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Five safety standards you should know when deploying your first cobot cell

December 01, 2022 | Tarik Daqoune

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Safety is an important consideration for any cobot cell deployment, as local regulating bodies have requirements that must be met before robotic equipment can be put into production.

For example, US manufacturers are subject to OSHA requirements and must comply with ANSI/RIA standards. In Europe, compliance is according to the Machinery Directive (MD), which calls for the use of harmonized standards (compliance with the MD is the minimum requirement for CE-marking of industrial machinery).

Generally speaking, there is a correspondence between ANSI/RIA, European harmonized standards, and ISO standards.

Here are five safety-related documents you should consult when deploying your first cobot cell:

  1. RIA R15.06: Industrial Robots and Robot Systems- Safety Requirements (adoption of ISO 10218-1 + ISO 10218-2)
  2. RIA TR R15.606: Industrial Robots and Robot Systems - Safety Requirements - Collaborative Robots (adoption of ISO/TS 15066)
  3. RIA TR R15.306: Task-Based Risk Assessment Methodology (aligned with EN ISO 12100)
  4. RIA TR R15.406: Safeguarding (refers, among others, to ISO 13855 and ISO 13857)
  5. EN ISO 13849-1 and ISO 13849-2: Safety-related parts of control systems

Additional ISO documents relevant to the safety of machinery.

1.   Safety requirements for industrial robots

RIA R15.06 (ISO 10218-1 + ISO 10218-2

This type-C standard is a good starting point when working with industrial robots or cobots and absolutely necessary if you intend to deploy a robot cell. It specifies requirements for safe designs, protective measures, and describes basic hazards associated with robots and provides requirements to eliminate or adequately reduce the risks associated with these hazards.

2.   Robots and robotic devices - Collaborative robots

RIA TR R15.606 (adoption of ISO/TS 15066)

This Technical Report/Specification supplements RIA R15.06 (ISO 10128-1/2) by providing additional guidance for collaborative robots. Cobots have safety functions/features that often relax safety requirements, such as shrinking the overall size of the safety system or allowing the robot to continue operating with a human in the workspace. While the overall application ultimately determines the safety of the system—for example, a cobot holding a sharp object while moving is not considered collaborative—cobots greatly simplify a cell designer’s life in many cases, especially for pick-and-place operations.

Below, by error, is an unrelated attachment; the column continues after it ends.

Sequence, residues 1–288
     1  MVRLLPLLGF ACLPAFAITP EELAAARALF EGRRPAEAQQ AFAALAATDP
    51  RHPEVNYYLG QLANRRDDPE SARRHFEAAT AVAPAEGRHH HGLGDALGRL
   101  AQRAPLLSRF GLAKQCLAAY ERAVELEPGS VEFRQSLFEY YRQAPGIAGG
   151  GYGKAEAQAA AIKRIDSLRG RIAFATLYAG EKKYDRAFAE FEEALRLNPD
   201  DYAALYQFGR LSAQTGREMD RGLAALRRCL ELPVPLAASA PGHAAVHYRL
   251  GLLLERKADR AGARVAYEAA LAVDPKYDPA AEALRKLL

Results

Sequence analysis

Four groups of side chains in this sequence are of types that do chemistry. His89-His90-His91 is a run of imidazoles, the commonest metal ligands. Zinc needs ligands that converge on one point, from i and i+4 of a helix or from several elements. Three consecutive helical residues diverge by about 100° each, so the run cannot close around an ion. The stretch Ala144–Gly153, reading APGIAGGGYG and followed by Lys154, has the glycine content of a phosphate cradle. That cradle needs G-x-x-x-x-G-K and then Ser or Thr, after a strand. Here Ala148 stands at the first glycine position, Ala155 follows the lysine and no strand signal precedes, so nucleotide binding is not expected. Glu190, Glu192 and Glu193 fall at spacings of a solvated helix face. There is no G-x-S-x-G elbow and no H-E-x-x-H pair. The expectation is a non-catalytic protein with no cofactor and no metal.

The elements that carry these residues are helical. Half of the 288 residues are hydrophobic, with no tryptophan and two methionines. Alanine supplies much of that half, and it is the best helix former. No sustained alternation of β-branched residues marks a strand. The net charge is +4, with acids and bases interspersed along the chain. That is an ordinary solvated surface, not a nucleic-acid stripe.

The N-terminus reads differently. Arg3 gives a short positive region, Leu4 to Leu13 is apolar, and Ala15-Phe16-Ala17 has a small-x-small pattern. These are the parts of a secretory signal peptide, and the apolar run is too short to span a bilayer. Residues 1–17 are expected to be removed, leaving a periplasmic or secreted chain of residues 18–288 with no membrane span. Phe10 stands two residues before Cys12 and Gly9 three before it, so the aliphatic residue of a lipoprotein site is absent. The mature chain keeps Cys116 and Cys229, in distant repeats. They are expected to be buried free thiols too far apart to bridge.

3.   Task-Based Risk Assessment Methodology

RIA TR R15.406 (EN ISO 12100)

Making sense of all applicable standards and guidelines can be daunting. This task-based risk assessment methodology can help with that, defining a set of procedures for identifying hazards and evaluating risks during relevant phases of the machine life cycle and for eliminating or mitigating these risks in compliance with the relevant robot system norms. Guidance is also given on documenting and verifying the risk assessment and reduction process.

4.   Safeguarding

RIA TR R15.406 (ISO 13855, ISO 13857, and others)

To mitigate the risk a robotic system can pose to humans, you often have to restrict access to the robot workspace. This document explains how to position safeguards to protect humans working in the vicinity of robots in an industrial environment. It considers the speed of approach for different parts of the human body (such as the head vs. the hands) and the type of safeguarding device (such as light curtains or fixed guarding), and then provides a methodology to determine minimum distances from the hazard zone.

EN ISO 13849-1/-2

The reliability of safety devices is critical to reaching the required level of safety based on the risk assessment. This family of standards helps determine the performance level (PL) of the safety functions implemented in your robot application. For example, the emergency stop function or a collaborative mode triggered by an area scanner.

In Conclusion

It’s important to consider safety during the design process of a cobot cell to avoid surprises at the deployment phase or, if applicable, the certification phase. Although these five safety standards are not an exhaustive list of all safety considerations for more complex applications, they cover most simple pick & place cobot applications. If you’re serious about deploying robots or cobots on your factory floor, you will want to get familiar with them.

Note that responsibility for meeting safety requirements rests with whoever is deploying the robot cell. For systems deployed entirely by Vention or a CSI partner, the safety evaluation and compliance are performed by Vention or the CSI and jointly agreed upon during initial on-site deployment with the plant safety manager.

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